You will also need to think about tax and insurance. As an independent contractor, you will need to sort out your own tax. As an Accounting specialist, you will likely be able to handle your tax obligations yourself at first but as your business grows, it may pay off to engage a third-party Accountant to take care of this for you. You should also have adequate business insurance that will cover your earnings and risks, should something go awry.
A huge part of running a business is marketing and developing your services. Marketing your services to potential clients will be key to securing contracts and keeping yourself busy. Whilst you will be able to secure some work from word-of-mouth to start with, you will eventually need to invest in a good external brand.
Working as a contractor can be emotionally and mentally challenging. Compared to permanent employment, contracting can be considerably less stable. If the market takes a downturn, you could find yourself having long gaps between contracts. We highly recommend you find a business mentor to provide you with crucial advice and someone to talk to when things get tough.
How can you secure your first contract?
Entering the contract market can be difficult but incredibly rewarding if you are a highly skilled professional. Here are several tips to help you secure your first contract assignment:
Although you may have significant experience in your sector, employers will often want to see up-to-date qualifications to prove this. Becoming a Chartered Accountant is a fantastic example because you must complete continuous training each year to remain chartered. That said, we also advise you periodically up-skill yourself through various educational courses to avoid your skills becoming outdated.
One of the best ways to secure work will be through your existing contacts and networks. Re-engage with long-lost colleagues, managers and industry contacts and start attending events and conferences to get your business cards out there. Take your networking online via LinkedIn and other platforms and start expanding your reputation and reach.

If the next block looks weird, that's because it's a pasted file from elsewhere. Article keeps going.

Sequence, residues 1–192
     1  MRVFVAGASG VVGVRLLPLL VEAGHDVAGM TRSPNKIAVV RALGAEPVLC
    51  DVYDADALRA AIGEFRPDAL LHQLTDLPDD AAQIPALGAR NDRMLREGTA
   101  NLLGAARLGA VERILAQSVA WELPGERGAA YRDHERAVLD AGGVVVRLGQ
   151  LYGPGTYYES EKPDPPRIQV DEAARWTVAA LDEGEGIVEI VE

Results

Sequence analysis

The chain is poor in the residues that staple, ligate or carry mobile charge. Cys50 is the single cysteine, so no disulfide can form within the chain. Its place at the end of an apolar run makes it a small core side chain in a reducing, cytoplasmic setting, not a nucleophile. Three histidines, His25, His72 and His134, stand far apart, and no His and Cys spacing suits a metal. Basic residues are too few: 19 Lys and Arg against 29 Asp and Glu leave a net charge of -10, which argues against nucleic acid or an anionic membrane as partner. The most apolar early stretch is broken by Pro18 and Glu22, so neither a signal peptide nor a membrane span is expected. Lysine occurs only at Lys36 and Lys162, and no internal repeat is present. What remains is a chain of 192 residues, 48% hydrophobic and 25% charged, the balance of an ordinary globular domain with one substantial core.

Build a reputation
Eventually, clients may start approaching you directly because you have a reputation of being a highly capable contractor with a specialist of skills. Remember, you are only as good as the contracts you complete so approach every assignment with the same degree of professionalism, energy and skill irrespective of its scope or difficulty.
Engage a recruitment partner
Agencies that specialise in contract recruitment are an excellent port-of-call for assignments. If you work exclusively with one recruitment partner, they will be your dedicated eyes and ears for work in your respective market. They can also help you stay up-to-date with the Accounting market and provide some valuable business and career advice.
If you’re looking for contracting opportunities within the Auckland or Wellington market, speak to one of our Consultants who are here to help you take control of your career.
To find out whether we have any contracts available for you, call us on 09 377 3727 for Auckland and 04 472 4380 for Wellington.